Inkjet inks contain a solvent or dispersant that either dissolves or disperses colorant. As used herein, "solvent" refers to this solvent or dispersant. Colorant can be in particulate form such as pigment particles. Alternatively, the colorant can be a dye that is either dissolved or dispersed in the solvent. Inkjet inks can also contain other components such as surfactants, dispersants that impart electrical charge to pigment particles to create a stable suspension, humectants, and fungicides. Oliophilic solvent-based inkjet inks are known, but most inkjet inks use hydrophilic solvents such as water or a low-carbon-containing alcohol.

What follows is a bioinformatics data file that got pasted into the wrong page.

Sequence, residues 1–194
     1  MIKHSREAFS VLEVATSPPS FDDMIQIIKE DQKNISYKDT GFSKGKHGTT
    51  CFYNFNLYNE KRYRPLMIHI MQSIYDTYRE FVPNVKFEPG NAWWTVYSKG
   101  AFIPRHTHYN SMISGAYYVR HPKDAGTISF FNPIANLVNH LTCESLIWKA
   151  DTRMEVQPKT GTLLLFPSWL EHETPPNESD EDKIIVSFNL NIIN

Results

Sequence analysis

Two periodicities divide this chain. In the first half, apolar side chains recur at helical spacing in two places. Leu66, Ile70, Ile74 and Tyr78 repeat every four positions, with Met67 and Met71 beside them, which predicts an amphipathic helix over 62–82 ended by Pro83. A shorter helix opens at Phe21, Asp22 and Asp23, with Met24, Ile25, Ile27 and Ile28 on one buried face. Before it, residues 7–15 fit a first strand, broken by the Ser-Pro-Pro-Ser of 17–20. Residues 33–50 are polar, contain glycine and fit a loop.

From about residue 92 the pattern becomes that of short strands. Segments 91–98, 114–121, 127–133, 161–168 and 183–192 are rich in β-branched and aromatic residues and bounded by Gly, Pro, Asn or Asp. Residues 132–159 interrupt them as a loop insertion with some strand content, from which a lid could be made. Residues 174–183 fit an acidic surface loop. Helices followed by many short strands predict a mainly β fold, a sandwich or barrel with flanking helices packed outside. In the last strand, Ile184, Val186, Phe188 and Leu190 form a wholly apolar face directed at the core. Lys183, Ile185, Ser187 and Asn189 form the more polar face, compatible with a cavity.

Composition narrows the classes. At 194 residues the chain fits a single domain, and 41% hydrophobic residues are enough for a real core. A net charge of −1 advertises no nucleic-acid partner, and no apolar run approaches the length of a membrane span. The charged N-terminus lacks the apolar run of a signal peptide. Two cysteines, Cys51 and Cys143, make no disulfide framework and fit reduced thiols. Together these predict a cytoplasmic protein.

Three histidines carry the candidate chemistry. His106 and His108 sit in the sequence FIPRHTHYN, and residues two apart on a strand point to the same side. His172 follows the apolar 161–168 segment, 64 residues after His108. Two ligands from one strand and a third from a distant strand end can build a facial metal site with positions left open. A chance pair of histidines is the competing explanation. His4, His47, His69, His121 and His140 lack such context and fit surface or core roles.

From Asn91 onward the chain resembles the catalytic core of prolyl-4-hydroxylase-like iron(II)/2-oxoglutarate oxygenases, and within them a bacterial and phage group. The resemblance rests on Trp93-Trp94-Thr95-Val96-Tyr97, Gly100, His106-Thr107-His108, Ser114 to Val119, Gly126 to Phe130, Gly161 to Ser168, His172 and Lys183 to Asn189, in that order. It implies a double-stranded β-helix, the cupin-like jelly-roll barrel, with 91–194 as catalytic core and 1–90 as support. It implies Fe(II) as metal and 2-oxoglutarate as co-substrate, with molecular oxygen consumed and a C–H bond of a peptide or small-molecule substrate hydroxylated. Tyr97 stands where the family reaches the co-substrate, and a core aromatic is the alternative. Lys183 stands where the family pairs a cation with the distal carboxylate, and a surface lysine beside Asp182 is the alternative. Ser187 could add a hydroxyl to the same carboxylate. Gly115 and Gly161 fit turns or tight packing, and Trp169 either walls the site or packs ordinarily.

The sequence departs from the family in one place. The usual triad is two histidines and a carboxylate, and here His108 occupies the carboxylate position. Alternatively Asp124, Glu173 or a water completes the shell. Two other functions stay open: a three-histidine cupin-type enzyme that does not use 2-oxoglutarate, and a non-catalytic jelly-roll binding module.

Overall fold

Some dry ink particles do not contain macroscopic voids or pores, i.e., they are not porous. Porous dry ink particles can also be used. The surface-area-to-mass ratio of dry ink particles can be determined using the "BET" technique (devised by Brunauer, Emmett, and Teller). In this technique, nitrogen gas is absorbed onto a surface of a known mass of the dry ink particles. A solid (i.e., nonporous) dry ink of in the range of 5 μm to 9 μm would have a surface area of approximately 2 m2/g. The addition of submicrometer particulate addenda can increase the surface area of the dry ink particles. For example, 3% by weight silica can increase the surface area to approximately 4 m2/g. Porous particles can be classified as either open- or closed-cell. For a closed-cell porous dry ink, the majority of voids are separated from each other by the polymer binder of the dry ink. In an open-cell porous dry ink, the majority of voids are interconnected. The presence of interconnectivity can be determined by microtoming porous dry ink particles and examining the cellular structure in a transmission electron microscope (TEM). Alternatively, BET can be used to determine whether a porous dry ink has an open- or closed-cell structure. The surface area per unit mass of a porous dry ink is greater than that of a nonporous dry ink because the porous dry ink is less dense. Thus, the density of a porous dry ink is determined by measuring the volume of a known mass of dry ink and comparing that to the volume of an equivalent mass of nonporous dry ink of comparable size and similar polymer binder material. The surface area per unit mass is then measured using BET. For a closed-cell porous dry ink, the surface area per unit mass is approximately the same as that of the nonporous dry ink times the ratio of the mass densities of the nonporous and porous dry inks. Thus, a closed-cell porous dry ink with voids occupying half the dry ink would have a mass density of half of a comparable nonporous dry ink, and a corresponding surface area per unit mass twice that of the nonporous dry ink. If the surface area per unit mass measured by BET exceeds that predicted from the density measurements by a factor of at least two, the dry ink is considered an open-cell porous dry ink.